originally posted by: ScepticScot

originally posted by: neutronflux

originally posted by: ScepticScot

originally posted by: neutronflux
a reply to: ScepticScot

They can when they choose too. And the government will provide you a lawy at the cost of the tax payer as defined by federal and state law. The law most is in the context the government cannot ramrod you into prison with no representation and without due process.

So please define right to vs universal right vs a right. Healthcare vs due process.


So the government can provide something when required that is a right.

Healthcare logically then can be a right even through it requires people to be paid.


When it’s set up as law. Can you state what law defines healthcare as a right?


There isn't one in the US. That however doesn't stop it, at least potentially, being a right.


I agree you have the right to access healthcare. But you don’t have the right to demand individuals provide services without proper compensation. Is that false.


Doctors tend to be well compensated even in countries with the right to Healthcare.

It's the idea that because someone needs paid it can't be a right that is false.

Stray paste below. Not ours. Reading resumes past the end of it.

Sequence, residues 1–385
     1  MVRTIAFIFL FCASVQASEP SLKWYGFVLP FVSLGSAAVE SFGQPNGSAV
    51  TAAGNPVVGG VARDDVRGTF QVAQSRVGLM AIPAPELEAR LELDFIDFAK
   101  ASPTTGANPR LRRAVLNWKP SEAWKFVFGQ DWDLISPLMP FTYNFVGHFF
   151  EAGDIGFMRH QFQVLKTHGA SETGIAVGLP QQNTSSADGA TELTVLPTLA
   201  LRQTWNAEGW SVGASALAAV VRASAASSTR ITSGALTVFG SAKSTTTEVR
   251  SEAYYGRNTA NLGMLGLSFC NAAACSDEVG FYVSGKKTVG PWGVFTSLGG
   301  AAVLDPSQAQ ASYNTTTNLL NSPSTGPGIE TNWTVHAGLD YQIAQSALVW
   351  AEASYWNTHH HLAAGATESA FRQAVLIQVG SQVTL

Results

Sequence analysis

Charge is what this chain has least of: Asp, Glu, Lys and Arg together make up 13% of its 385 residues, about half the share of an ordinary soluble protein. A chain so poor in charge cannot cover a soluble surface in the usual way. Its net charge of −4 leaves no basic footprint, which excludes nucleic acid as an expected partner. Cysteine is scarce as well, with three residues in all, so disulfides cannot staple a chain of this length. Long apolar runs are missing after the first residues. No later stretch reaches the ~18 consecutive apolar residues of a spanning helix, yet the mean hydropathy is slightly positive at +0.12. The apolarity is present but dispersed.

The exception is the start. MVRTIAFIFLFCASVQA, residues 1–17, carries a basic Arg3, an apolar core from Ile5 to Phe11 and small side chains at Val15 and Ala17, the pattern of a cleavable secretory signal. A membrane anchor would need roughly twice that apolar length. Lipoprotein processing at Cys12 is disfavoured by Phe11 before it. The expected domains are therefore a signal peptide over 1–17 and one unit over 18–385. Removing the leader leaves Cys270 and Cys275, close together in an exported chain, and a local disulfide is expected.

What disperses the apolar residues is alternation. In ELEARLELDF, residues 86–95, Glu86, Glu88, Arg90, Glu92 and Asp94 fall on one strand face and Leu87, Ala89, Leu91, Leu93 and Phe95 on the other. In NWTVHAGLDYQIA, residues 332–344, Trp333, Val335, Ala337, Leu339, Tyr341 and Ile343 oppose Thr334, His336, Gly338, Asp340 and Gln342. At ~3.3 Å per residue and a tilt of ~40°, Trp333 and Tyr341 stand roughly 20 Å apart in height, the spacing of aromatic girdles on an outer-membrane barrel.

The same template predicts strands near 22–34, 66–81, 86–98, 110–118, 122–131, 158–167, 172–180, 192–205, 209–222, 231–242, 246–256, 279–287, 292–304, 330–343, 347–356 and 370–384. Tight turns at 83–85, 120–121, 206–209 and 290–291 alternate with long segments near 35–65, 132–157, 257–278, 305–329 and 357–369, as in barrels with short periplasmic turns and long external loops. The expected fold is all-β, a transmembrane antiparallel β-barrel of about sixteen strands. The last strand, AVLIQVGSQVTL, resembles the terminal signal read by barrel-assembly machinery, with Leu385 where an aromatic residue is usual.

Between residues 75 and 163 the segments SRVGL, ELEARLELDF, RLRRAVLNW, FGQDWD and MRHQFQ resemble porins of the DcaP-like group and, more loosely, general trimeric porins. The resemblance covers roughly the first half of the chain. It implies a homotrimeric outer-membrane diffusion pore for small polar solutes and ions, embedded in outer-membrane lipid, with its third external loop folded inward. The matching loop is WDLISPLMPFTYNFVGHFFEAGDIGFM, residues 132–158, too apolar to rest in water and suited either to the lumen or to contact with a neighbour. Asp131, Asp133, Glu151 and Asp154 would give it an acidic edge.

People can argue about what specific kind of right it is to their hearts content but it can still be a right.



posted on Apr, 11 2019 @ 01:31 PM
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originally posted by: neutronflux
a reply to: ScepticScot

Questions you ignored


And I think the actual term is a lawyer will be provided to you. Please quote the actual law defining access to a lawyer


So please define right to vs universal right vs a right. Healthcare vs due process.


People have have the right to a lawyer. The actual mechanism can change as long as that right is protected. The UK uses a different system than the US to provide defence lawyers.

People can have the right to health care. Again the actual mechanism can vary. The UK and France both have a universal healthcare but use very different systems.



posted on Apr, 11 2019 @ 01:31 PM
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double
edit on 11-4-2019 by ScepticScot because: (no reason given)



posted on Apr, 11 2019 @ 01:35 PM
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a reply to: ScepticScot



People can argue about what specific kind of right it is to their hearts content but it can still be a right.


Then state where it is a right by US law.



posted on Apr, 11 2019 @ 01:37 PM
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a reply to: ScepticScot